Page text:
• “I’ve launched my product but I just hear crickets, what do I do next? Help!!”


You wish that you could easily find advisors, mentors, or anyone who has done this before, and has the time to help you out consistently!

I know I’ve struggled through this period as I was building products for Mint, BizeeBee, and Femgineer. It has taken me many years (8+), a lot of books, and talking to literally hundreds of people to pieces all this information together.

I don’t think everyone else should have to go through this lengthy struggle. That is the primary reason why I created the Ship It Course.

I want to give entrepreneurs, engineers, product managers, and product marketers like YOU, the answers you are looking for from instructors who have successfully build, launched, and made money from products!

Now there are a LOT of great courses and resources out there, and I want you to find the one that is right for YOU.

So if you’re wondering what you’ll GET from Femgineer’s Ship It Course then here it is:

  • High touch. You are not a number to us! We limit our class size to 50 students, so that we can focus on providing each student individualized attention. We give you feedback on all your homework assignments. We also provide online office hours weekly, and if you want 1-1 coaching from an instructor you can book an appointment at a time that works for you.

  • Easy access. It doesn’t matter where you are in the world! We’ve had students from France, Germany, UK, UAE, and India participate in our course. Having it online means you can take part from anywhere! It also means that we know there are cultural nuances but our approach works across markets.

  • Materials. We distill information from the best books and resources, but also give them to you as part of the course, if you’d like to dig a little deeper. You’ll also learn what has worked from our experiences. You’ll have access to all the lectures through recordings, so if you miss something you can go back and re-watch it later.

  • Ongoing support. We know products take sometime to get off the ground, and you might have more questions or needs later on. So we stay in touch even after the 8-weeks, and we want you to come back and visit us!

So yes there are other resources available to you, but ask yourself the following:

  • Who is going to give you step-by-step directions that are easy to follow?

  • Who is going to give you feedback that applies to your product and is actionable?

  • Who is willing to sit down when it’s convenient for you, to talk about your idea, or get you out of a slump if you’re stuck?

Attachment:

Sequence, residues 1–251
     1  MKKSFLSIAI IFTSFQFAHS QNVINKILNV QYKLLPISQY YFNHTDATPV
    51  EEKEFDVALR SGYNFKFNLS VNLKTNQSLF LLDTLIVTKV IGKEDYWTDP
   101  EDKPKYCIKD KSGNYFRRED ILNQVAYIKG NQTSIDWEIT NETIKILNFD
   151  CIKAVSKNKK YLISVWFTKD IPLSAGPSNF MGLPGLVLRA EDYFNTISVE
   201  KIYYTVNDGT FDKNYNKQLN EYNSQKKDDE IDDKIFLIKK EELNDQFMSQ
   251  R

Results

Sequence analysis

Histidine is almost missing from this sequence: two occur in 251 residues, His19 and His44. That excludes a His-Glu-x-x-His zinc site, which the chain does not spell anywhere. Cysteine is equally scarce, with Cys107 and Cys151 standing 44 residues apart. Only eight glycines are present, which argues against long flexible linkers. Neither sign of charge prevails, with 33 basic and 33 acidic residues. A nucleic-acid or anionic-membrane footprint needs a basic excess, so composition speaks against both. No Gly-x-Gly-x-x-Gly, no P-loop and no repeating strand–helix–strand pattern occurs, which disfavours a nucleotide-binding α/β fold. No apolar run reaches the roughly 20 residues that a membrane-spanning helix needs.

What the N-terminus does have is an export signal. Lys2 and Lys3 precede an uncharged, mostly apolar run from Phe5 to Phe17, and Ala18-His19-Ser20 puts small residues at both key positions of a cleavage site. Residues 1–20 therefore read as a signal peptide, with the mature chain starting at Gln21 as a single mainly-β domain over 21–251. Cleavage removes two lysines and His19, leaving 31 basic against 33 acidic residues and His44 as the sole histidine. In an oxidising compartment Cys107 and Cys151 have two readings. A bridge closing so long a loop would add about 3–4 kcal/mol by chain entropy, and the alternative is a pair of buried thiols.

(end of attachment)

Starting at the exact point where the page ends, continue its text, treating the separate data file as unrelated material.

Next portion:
Let your answers guide you to the course you’re looking for.

Learn more about the course here. Applications are due this Friday February 12, 2016!

Lesson 5: How to Create a Concierge MVP

This is the fifth lesson in the series: How Non-Technical Founders Can Bring a Product to Market.

By Poornima Vijayashanker

Welcome back! In my previous lesson I cited a few examples of successful startups that began with the Concierge MVP: AirBnB and Zappos.

By this point you understand what a concierge MVP is, the importance of starting with it whether you’re a technical or non-technical founder, and you have some examples of companies that began as a concierge MVP. So now you’re probably wondering how you can get started?

To begin, you will need to decide what your value proposition is i.e. what are you offering as a benefit to potential users. For example, when I started offering my first course at Femgineer, my value proposition was for people to learn product development, in 8-weeks, online, and from a reputable practitioner, me!

Remember you can test out various value propositions.

Next you need to come up with a theory for who you think your early adopter might be, and make sure to put the value proposition in the context of the early adopter.

Going back to my example, I did this by saying the course was for product managers, software engineers, and startup founders, who wanted to build tech products. I intentionally limited the types of people and the products they would want to build, because I wanted to be clear, and have a focus.

Finally, you need to provide a brief description of the experience someone will go through. You can be as detailed as you’d like to be at this stage.

Once you’ve completed those three steps you’ll have to go out into the world and advertise it!

You can start by reaching out to your network if you think there maybe early adopter there. If not, then you’ll need to think about where your type of early adopter hangs out and advertise on those mediums with a call to action to either sign up, enter an email address, or give you a call. You want someway to communicate with people.

In my case, a lot of my early adopters were my Twitter followers, and blog readers. They signed up by filling out an application.

Hopefully, you will get someone who responds to your ad. Once you do, you need to follow up with each to get some feedback.

In the next and final lesson, I’ll explain what feedback you should be looking for, and how to measure the success of your Concierge MVP.

Did you enjoy this lesson? Got any questions for me on it? Please let it the comments below and I’ll be happy to answer it!

Checkout out the previous lessons:

Already built an MVP and ready to attract customers and generate revenue? Then check out our upcoming GROW IT Course here.